Kissinger warns on way ahead
THE killing will pose huge difficulties for the peace process, former US secretary of state Dr Henry Kissinger said yesterday in Hong Kong.
Shaken by the murder of his close friend of 35 years, Dr Kissinger questioned whether a new Israeli leader would be as skilled in moving the process forward.
Having learned of Rabin's death after arriving in Hong Kong for a conference on the territory's future, he was close to tears in a CNN interview on Sunday night. 'It's an extraordinary tragedy,' he said.
A composed Dr Kissinger told the media yesterday that Rabin was a rare man 'with vision who knew how to get to his vision'.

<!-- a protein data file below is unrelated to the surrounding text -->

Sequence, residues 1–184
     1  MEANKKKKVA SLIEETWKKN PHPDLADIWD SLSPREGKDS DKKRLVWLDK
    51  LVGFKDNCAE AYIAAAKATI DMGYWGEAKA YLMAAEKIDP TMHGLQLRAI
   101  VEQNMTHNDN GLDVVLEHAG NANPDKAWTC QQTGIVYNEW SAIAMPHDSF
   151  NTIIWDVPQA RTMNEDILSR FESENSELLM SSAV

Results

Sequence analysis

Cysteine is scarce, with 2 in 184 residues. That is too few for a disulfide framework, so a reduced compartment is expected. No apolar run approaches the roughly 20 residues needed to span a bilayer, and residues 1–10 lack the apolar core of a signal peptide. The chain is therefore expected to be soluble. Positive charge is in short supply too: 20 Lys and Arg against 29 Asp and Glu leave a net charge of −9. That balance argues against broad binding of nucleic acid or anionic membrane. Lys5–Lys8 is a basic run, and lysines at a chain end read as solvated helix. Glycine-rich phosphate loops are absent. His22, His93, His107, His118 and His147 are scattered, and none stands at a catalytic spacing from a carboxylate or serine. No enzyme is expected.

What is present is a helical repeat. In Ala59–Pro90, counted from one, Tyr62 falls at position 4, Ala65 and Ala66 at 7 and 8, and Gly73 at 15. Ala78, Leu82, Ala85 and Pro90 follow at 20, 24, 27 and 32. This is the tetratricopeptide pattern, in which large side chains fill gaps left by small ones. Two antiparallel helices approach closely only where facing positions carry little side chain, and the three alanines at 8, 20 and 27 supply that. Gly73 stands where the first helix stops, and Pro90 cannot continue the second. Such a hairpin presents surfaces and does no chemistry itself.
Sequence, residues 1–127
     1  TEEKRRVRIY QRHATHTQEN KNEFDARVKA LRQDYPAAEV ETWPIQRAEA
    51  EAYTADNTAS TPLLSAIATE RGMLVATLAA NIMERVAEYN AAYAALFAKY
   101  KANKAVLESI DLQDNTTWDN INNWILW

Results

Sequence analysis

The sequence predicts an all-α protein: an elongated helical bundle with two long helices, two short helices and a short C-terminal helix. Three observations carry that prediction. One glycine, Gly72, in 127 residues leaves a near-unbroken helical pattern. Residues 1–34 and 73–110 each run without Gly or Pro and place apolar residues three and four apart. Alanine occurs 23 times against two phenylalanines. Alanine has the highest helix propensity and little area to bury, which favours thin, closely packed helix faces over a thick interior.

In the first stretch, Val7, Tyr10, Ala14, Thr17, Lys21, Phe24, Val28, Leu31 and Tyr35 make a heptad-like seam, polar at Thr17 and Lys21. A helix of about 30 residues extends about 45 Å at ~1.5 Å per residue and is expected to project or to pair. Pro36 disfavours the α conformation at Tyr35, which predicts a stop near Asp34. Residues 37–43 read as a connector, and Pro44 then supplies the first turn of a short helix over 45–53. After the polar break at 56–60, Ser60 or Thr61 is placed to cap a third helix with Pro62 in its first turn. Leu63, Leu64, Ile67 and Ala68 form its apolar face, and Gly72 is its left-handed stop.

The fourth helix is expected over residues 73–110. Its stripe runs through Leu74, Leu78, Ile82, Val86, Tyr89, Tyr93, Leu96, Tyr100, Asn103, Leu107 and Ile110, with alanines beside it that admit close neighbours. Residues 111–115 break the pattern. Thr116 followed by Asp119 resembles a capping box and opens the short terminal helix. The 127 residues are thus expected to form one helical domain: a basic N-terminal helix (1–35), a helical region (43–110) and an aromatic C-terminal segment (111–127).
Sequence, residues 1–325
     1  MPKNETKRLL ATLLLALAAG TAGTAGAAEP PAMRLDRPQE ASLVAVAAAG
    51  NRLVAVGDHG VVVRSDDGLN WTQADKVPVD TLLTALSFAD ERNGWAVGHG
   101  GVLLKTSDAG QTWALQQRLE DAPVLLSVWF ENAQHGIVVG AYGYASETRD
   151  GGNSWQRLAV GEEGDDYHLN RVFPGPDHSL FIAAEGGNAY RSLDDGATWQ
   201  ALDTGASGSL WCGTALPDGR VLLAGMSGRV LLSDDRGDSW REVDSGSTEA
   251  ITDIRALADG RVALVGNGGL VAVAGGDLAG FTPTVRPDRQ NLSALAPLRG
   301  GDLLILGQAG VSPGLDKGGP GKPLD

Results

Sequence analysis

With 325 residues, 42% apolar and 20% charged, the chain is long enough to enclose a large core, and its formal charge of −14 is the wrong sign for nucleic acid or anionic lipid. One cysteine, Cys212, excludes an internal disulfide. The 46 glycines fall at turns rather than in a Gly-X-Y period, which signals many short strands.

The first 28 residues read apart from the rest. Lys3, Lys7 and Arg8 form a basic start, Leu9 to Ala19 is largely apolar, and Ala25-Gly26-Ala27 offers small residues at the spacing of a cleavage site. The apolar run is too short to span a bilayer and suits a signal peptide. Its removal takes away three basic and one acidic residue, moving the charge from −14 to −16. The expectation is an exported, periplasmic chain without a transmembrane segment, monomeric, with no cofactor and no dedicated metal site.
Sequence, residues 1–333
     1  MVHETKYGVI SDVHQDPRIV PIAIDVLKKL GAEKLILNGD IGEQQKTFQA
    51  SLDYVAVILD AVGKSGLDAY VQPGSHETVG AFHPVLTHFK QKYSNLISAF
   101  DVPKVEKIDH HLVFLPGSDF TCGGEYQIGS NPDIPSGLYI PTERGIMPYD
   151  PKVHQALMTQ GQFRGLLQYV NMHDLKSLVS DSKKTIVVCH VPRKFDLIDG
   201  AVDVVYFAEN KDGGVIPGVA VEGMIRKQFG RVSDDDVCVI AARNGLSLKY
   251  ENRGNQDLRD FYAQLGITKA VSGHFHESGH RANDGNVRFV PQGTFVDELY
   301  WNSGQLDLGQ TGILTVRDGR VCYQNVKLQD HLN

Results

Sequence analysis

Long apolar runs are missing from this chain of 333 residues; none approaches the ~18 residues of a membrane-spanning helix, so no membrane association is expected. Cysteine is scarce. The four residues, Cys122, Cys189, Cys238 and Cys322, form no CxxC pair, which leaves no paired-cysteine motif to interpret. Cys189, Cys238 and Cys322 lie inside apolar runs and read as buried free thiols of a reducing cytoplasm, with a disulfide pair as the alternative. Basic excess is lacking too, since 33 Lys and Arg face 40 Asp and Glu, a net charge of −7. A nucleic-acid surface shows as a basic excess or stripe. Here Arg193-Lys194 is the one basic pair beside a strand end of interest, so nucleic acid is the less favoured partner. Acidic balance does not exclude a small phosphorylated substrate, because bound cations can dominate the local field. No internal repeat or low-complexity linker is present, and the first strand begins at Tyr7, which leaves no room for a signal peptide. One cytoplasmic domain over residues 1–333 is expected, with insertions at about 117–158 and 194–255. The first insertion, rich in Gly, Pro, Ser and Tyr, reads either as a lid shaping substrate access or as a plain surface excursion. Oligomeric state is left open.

'To find such a balance is going to be very difficult and it is a tremendous loss,' he said. 'I don't think there's any question that his successors will have the same vision, the test will be whether they will know how to get there.' Dr Kissinger played an integral part in diplomatic efforts during the 1970s to negotiate between Arabs and Israel.
He said Rabin's strength was that he tried to gear the peace process to what the parties could assimilate in their day-to-day experience. 'That was a great insight and therefore he moved slowly, but also inexorably, into negotiations which combined the experiences and possibilities of both sides and I think that should be preserved.'